Purpose: Predictive diagnostics play an increasingly important role in personalized medicine for cancer treatment. Whole-genome sequencing (WGS)-based treatment selection is expected to rapidly increase worldwide. This study aimed to calculate and compare the total cost of currently used diagnostic techniques and of WGS in treatment of non-small cell lung carcinoma (NSCLC), melanoma, colorectal cancer (CRC), and gastrointestinal stromal tumor (GIST) in the Netherlands. Methods: The activity-based costing (ABC) method was conducted to calculate total cost of included diagnostic techniques based on data provided by Dutch pathology laboratories and the Dutch-centralized cancer WGS facility. Costs were allocated to four categories: capital costs, maintenance costs, software costs, and operational costs. Results: The total cost per cancer patient per technique varied from euro 58 (Sanger sequencing, three amplicons) to euro 2925 (paired tumor-normal WGS). The operational costs accounted for the vast majority (over 90%) of the total per cancer patient technique costs. Conclusion: This study outlined in detail all costing aspects and cost prices of current and new diagnostic modalities used in treatment of NSCLC, melanoma, CRC, and GIST in the Netherlands. Detailed cost differences and value comparisons between these diagnostic techniques enable future economic evaluations to support decision-making.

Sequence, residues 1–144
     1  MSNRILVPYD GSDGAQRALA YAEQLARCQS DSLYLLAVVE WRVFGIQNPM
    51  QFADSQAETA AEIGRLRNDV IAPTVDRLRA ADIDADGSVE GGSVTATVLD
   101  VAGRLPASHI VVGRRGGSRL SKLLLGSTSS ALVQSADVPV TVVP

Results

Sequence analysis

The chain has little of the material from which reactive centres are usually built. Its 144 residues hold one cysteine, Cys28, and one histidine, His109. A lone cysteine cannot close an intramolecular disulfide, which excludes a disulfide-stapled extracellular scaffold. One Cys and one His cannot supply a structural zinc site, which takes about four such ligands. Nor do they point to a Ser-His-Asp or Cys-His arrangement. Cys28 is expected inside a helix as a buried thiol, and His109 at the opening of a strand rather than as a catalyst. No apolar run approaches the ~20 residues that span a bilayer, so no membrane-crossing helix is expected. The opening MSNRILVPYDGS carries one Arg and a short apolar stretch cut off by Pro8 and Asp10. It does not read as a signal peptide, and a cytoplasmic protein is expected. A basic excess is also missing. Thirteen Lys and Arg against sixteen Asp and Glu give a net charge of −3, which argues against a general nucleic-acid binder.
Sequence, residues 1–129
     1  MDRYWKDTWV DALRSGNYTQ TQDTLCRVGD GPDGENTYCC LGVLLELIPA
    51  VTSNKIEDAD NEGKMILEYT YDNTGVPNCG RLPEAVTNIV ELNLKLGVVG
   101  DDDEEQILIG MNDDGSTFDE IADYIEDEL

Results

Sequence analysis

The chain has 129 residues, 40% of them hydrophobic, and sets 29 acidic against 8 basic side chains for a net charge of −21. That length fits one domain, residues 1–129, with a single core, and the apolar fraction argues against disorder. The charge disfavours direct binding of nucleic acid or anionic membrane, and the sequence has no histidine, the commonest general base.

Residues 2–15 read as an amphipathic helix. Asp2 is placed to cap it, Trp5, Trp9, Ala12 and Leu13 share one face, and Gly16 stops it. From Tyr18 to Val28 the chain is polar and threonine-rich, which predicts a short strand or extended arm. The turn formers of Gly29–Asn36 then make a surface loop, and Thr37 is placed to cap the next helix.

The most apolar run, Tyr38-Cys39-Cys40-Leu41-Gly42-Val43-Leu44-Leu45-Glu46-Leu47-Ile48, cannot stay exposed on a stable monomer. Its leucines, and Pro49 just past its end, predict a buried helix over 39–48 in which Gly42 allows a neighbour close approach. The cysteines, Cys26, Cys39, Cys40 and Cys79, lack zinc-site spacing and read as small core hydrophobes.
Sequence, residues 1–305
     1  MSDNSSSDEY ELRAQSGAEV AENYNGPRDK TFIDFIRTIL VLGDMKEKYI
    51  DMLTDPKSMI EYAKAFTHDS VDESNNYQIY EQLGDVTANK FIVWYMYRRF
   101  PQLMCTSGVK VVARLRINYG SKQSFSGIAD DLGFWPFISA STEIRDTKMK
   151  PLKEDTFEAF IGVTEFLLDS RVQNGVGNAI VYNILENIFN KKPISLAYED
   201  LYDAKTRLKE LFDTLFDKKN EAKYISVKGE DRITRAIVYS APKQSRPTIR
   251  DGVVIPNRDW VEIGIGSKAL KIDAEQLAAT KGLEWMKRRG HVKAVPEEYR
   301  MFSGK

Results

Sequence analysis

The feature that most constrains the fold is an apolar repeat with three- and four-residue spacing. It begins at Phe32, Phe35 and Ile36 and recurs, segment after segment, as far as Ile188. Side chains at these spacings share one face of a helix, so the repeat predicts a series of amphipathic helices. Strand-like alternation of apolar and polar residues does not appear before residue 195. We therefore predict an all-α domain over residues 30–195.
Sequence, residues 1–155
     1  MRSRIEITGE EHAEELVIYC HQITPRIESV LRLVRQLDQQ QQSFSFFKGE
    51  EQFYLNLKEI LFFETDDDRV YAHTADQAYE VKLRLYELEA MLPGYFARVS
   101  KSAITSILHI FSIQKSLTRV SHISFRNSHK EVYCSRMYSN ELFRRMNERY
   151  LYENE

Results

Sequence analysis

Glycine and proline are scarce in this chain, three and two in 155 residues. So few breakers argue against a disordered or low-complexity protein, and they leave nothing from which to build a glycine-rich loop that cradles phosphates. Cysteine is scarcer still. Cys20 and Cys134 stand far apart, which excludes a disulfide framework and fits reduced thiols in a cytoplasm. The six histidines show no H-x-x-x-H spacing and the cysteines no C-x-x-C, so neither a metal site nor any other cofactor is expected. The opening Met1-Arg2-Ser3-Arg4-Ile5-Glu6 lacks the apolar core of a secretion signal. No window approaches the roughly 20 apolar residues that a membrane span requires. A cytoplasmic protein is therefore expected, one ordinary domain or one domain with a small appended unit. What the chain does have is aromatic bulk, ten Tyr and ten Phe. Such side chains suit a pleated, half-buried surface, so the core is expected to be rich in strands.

|Number of pages||11|
|Journal||Expert review of pharmacoeconomics & outcomes research|
|Publication status||E-pub ahead of print - 6-May-2021|
- whole genome sequencing
- standard diagnostic techniques
- personalized medicine